Jeanette Vizguerra, a mother of four who lived in Denver churches for 86 days to avoid immigration authorities, is hugged during an immigration rally near the U.S. Capitol in Washington Sept. 26. Jeanne Atkinson, executive director of the Catholic Legal Immigration Network, said Nov. 16 the agency is revving up its schedule of trainings for lawyers and citizens to represent and advocate for immigrants and refugees. (CNS photo/Tyler Orsburn)

WASHINGTON (CNS) — The Catholic Legal Immigration Network never really had a shortage of opportunities to train lawyers and citizens to represent and advocate for immigrants and refugees.

However, given the tenor of the past year, CLINIC — which was founded by the U.S. bishops but has long been its own separate nonprofit agency — has stepped up its schedule of trainings in response.

CLINIC now has more than 330 affiliates nationwide, said Jeanne Atkinson, its executive director, in a Nov. 16 telephone interview with Catholic News Service from CLINIC headquarters in the Washington suburb of Silver Spring, Maryland.

Not all of the affiliates are Catholic in their origin or orientation, Atkinson added, but all share CLINIC’s mission. “We’re trying to make sure when they provide legal services, they are providing high-quality legal services in a professional manner,” she said.

“We have the largest network of immigration programs around the country,” Atkinson said. Thanks to the number of affiliates, CLINIC can spot trends. “If we hear it five times, then it’s a fluke,” she added. “If we hear if 50 times, then there’s something wrong.”

CLINIC offered a dizzying array of courses, seminars, workshops webinars and e-learning courses in just the first half of 2017 alone. Some of the titles reflect the changing nature of immigration since Donald Trump assumed the presidency:

“Family-Based Immigration in a Time of Enhanced Enforcement”; “The Aftermath of the Executive Orders: Resources to Build Your Rapid Response Plan”; “What All Advocates Need to Know About Removal Orders and Removal Proceedings”; “All About Removal Orders”; “Anatomy of a Removal Proceeding”; “Recent Changes in Immigration Enforcement”; “Is This the End of TPS (Temporary Protected Status)? Preparing Clients and Communities.”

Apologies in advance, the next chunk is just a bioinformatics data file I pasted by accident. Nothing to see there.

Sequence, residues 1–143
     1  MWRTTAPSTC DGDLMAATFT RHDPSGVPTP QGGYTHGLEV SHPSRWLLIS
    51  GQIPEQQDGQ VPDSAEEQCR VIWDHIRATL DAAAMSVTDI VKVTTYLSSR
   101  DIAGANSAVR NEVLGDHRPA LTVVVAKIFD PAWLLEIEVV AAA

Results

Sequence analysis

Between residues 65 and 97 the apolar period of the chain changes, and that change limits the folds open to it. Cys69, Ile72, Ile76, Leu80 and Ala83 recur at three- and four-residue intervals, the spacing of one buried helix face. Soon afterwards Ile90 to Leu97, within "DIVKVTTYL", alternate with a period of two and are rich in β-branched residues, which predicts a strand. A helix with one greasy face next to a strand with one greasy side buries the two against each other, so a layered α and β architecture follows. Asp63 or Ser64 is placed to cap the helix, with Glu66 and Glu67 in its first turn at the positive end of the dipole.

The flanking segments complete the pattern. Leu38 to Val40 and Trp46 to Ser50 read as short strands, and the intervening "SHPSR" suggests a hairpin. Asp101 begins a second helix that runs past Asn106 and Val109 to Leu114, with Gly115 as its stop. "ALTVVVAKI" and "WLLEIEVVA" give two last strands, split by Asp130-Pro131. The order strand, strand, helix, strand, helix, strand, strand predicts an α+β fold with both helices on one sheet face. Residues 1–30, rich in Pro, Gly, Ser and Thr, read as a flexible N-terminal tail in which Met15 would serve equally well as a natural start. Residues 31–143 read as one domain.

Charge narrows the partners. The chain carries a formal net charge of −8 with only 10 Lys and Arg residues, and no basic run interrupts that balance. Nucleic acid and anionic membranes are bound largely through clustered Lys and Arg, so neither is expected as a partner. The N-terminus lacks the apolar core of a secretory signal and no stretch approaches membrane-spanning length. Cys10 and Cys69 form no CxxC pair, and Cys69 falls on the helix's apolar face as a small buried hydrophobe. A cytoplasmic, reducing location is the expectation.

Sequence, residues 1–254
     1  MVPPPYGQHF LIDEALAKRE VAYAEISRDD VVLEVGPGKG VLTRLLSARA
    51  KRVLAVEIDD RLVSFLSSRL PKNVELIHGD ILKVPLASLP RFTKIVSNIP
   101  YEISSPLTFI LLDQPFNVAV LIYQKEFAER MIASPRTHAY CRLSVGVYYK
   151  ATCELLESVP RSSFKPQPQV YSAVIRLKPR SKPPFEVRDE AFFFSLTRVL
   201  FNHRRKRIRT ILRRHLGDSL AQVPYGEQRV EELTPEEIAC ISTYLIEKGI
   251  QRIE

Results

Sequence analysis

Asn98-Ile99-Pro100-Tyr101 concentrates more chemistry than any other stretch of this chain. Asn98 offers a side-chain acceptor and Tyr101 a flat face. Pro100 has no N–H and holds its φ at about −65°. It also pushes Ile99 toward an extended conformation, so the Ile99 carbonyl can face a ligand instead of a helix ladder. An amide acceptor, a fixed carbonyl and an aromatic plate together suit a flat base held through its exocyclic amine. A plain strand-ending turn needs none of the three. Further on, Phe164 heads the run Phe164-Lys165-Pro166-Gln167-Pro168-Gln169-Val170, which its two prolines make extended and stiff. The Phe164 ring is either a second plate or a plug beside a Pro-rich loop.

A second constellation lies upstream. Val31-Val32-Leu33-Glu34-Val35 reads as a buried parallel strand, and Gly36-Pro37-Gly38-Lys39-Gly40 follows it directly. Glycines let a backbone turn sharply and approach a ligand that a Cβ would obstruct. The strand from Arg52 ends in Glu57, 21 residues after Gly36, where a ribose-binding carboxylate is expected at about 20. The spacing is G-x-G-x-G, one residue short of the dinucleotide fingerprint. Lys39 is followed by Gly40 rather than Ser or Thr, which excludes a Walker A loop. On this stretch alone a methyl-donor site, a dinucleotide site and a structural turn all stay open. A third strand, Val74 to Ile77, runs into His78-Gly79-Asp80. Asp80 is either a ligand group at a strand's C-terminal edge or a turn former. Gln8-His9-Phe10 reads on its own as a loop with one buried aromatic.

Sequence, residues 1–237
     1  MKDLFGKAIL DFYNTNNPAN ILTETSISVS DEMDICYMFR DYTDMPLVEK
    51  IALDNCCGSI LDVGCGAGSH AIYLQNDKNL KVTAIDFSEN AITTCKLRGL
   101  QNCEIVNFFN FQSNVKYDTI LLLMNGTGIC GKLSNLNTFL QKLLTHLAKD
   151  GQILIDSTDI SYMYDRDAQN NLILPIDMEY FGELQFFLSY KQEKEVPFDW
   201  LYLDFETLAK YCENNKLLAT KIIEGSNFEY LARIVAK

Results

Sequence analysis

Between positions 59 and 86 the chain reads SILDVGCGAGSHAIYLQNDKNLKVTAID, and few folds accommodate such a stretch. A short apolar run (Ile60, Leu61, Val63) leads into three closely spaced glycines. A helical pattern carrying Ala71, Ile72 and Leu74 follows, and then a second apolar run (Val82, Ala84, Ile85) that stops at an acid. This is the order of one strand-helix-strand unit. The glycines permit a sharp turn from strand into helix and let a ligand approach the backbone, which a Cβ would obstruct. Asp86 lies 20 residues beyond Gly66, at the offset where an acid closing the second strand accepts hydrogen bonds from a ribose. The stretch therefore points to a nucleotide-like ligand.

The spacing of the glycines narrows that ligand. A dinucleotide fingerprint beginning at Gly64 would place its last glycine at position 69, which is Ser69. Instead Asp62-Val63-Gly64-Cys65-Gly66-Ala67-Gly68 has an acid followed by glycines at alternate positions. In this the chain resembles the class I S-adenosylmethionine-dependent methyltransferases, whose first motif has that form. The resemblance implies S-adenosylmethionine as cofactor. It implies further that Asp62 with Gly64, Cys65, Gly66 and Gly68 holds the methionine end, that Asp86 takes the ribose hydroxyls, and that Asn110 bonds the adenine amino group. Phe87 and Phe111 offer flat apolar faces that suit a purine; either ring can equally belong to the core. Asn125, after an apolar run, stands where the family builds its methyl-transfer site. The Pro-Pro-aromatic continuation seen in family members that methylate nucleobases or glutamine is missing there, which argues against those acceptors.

The expanded curriculum was needed because “we’re talking about the demonization of the entire immigrant community,” Atkinson said. “People in the immigration system here are looking at very anti-immigrant playbooks.”

What happened within weeks of Trump’s inauguration, including his first executive order banning travel to the U.S. from certain countries, she added, “confirmed our deepest fears. We had to go up and beyond what we do every day.”

Despite the number of new lawyers fresh out of law school each year, not that many choose to practice immigration law. “It’s extraordinarily complex. It’s comparable to tax law in terms of complexity,” she said.

“An immigration case might be scheduled for 2019, 2020, 2021. If you’re a pro bono attorney, are you going to take a case you’ve had for four years? There’s just not enough private attorneys who are available for that stretch of time. They (cases) can be very time-consuming,” Atkinson added, with some attorneys living “hours and hours away from the clients.”

While CLINIC is happy to bring attorneys up to speed on the latest wrinkles in immigration law and policy through its educational endeavors, it puts considerable effort into training non-lawyers to be advocates.